The contemplation of truth and beauty is the proper object for which we were created, which calls forth the most intense desires of the soul, and of which it never tires.
Zeal will do more than knowledge.
Indolence is a delightful but distressing state; we must be doing something to be happy. Action is no less necessary than thought to the instinctive tendencies of the human frame.
There is room enough in human life to crowd almost every art and science in it. If we pass “no day without a line”—visit no place without the company of a book—we may with ease fill libraries, or empty them of their contents. The more we do, the more busy we are, the more leisure we have.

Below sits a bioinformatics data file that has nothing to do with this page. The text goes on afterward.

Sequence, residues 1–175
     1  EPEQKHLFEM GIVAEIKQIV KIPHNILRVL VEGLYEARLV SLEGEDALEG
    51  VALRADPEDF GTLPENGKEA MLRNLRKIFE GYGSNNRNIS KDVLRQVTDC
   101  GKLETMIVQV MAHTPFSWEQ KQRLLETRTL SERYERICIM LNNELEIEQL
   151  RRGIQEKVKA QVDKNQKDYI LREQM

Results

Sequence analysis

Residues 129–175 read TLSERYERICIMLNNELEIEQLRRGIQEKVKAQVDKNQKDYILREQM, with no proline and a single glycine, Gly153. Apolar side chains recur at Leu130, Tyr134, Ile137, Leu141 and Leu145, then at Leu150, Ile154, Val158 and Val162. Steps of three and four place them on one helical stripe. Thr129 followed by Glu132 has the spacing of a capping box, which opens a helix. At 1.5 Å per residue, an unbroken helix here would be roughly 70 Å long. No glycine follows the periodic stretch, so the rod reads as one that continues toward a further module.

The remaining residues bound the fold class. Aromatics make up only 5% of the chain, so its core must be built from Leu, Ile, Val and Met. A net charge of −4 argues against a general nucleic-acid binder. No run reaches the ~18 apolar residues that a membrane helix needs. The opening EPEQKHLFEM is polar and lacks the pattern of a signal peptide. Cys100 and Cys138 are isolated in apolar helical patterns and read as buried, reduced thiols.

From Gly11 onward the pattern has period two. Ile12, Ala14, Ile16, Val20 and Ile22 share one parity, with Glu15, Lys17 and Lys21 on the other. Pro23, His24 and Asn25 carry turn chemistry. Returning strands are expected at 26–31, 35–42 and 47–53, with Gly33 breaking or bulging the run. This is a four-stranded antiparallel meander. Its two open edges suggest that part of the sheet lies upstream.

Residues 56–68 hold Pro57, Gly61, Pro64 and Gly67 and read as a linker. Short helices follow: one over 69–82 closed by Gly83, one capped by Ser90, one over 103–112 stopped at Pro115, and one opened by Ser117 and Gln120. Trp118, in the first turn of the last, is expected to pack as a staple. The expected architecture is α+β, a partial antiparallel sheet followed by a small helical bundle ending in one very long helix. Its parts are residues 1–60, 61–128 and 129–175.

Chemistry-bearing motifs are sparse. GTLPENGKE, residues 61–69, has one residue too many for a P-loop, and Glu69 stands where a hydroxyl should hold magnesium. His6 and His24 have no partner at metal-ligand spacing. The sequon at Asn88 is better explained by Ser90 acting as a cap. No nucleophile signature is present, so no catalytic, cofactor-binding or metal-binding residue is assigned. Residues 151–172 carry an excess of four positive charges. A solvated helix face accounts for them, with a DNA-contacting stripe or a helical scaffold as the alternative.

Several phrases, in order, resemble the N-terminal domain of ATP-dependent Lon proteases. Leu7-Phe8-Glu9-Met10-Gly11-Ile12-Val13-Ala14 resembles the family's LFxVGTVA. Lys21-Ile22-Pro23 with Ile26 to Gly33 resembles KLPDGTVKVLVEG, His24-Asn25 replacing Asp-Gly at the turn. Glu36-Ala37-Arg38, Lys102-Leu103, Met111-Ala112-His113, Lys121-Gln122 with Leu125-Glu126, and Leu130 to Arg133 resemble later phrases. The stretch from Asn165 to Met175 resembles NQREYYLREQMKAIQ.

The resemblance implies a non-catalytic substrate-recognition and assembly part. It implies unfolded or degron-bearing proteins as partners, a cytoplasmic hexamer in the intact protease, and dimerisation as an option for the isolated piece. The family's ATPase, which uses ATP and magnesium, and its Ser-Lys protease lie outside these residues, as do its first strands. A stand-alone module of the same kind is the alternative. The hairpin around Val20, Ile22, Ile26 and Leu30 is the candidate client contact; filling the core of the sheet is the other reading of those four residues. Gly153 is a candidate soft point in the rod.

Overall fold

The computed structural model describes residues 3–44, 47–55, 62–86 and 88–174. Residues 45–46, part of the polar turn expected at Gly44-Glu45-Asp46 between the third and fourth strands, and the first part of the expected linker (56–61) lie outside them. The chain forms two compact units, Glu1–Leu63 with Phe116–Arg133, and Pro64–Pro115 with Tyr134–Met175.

- Joseph Addison English Essayist
- A. C. Benson English Essayist
- Arthur Helps English Dramatist, Essayist
- Thomas de Quincey English Essayist, Writer
- Samuel Johnson British Essayist
- Edwin Percy Whipple American Essayist
- John Dryden English Poet
- Giacomo Leopardi Italian Poet, Essayist
- Miguel de Unamuno Spanish Essayist
- Samuel Taylor Coleridge English Poet